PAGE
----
After 1960 the neorealistic experimentalism of A. Mertz and S. Dalsgaard, the concretism of O. Schwalbe, P. Gadegaard, A. Andersen, I. Geertsen, the minimalism of H. Heinsen, M. Møller and S. Brøgger, i works by the Eks-skolen group (“Experimental school”: P. Germs, P. Kirkeby, B. Nørgaard etc.) show the constant characteristics of Danish art: classical simplification, playful anarchism and a precise social role. Finally, interesting experiences in the field of artistic weaving (U. Lerche, G. Balle, H. Kaastrup Olsen) and graphics should be noted.
In the 1980s a break with late modernism was represented by a group of academically trained painters, the Young Savage Painters. The first exhibition of the group, The Knife on the Head (1982), was attended by among others P. Bonde, C. Carstensen, Denmark Dahlin, N. Sten-Knudsen; influenced by the Italian trans-avant-garde and the German group heftige Malerei, the painters of the group soon abandoned their figurative expressionism for an ironic and ambiguous painting that emphasizes the spiritual element of art. In the sphere of sculpture, the interest for the figure and for the form, but in an intellectualistic vision and with a plurality of expressive modes, appears central in Ø’s work. Nygård and E. Toubro. Since the 1990s, many artists have experimented with various and unusual materials or created installations that interact with the exhibition space, abolishing the boundaries between the different artistic categories. Such an attitude is typical of some artists from the Nuova abstraction group (active in the 1980s, dissolved in 1988), who continued to work in this direction, such as M. Barker (computer art and new technologies); V. Collaro (use of neon); T. Ebbesen; M. Sørensen.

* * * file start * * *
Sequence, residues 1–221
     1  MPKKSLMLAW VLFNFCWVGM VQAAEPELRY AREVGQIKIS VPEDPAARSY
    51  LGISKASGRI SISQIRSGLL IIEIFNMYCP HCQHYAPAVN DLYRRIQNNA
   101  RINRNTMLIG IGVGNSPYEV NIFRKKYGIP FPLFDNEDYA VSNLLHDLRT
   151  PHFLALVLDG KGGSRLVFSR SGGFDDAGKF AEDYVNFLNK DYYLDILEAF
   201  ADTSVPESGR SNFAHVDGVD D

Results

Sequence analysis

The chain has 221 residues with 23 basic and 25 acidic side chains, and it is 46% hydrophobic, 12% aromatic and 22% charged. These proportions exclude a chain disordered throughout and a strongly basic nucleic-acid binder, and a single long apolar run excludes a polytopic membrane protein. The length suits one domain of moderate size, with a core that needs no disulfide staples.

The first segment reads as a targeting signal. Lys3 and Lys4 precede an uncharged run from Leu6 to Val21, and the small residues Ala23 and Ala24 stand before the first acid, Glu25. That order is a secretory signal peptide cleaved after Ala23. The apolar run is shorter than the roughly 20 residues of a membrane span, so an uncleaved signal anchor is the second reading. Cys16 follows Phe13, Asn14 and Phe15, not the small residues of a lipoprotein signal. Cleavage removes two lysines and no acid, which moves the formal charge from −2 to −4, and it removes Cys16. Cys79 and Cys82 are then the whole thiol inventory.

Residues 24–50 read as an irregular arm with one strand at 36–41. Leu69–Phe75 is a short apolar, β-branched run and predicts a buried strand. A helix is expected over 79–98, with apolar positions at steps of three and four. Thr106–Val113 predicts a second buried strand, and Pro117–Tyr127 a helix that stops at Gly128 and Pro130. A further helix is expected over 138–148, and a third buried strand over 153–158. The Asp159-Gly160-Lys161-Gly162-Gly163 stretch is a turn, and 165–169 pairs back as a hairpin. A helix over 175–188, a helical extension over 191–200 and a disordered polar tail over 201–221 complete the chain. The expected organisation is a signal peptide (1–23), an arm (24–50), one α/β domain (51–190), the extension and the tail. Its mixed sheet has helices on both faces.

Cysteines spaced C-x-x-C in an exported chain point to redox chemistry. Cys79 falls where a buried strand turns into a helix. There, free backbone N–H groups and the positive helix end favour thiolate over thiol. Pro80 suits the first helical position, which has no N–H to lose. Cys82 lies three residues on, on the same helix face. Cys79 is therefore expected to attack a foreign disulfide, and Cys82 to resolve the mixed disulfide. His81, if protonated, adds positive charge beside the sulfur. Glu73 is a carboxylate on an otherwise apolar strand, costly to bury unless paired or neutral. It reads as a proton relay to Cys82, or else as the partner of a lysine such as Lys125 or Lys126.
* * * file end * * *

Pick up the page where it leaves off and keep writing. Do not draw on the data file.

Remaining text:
Danish folk song began to be studied in the 20th century: the most investigated genre is the ballad, whose origin dates back to the 13th century. In the field of art music, in the 16th and 17th centuries. the activity centered around the court of Christian IV, who gave Danish music an international imprint. Danish by birth was Denmark Buxtehude, who worked in Germany. From the seventeenth century onwards, Danish music was dominated by French and Italian influence. The reopening of the theaters, whose activity had been suspended by Christian IV, and the growing interest in melodrama favored the birth of the musical work in Danish (the Singspiel Solimano set to music in 1770 by the Italian G. Sarti).
We can only speak of a real Danish style in the 19th century. with works by composers such as JPE Hartmann and NW Gade. Protagonist of the 20th century. instead it was CA Nielsen, composer and teacher of almost all Danish musicians of the twentieth century (among these JL Emborg, E. Reesen, J. Bentzon, K. Jeppesen, an important figure also in the musicological field). In addition, the musicians F. Weis, J. Maegaard (Danish theorist of dodecaphony), O. Mortensen have been mentioned.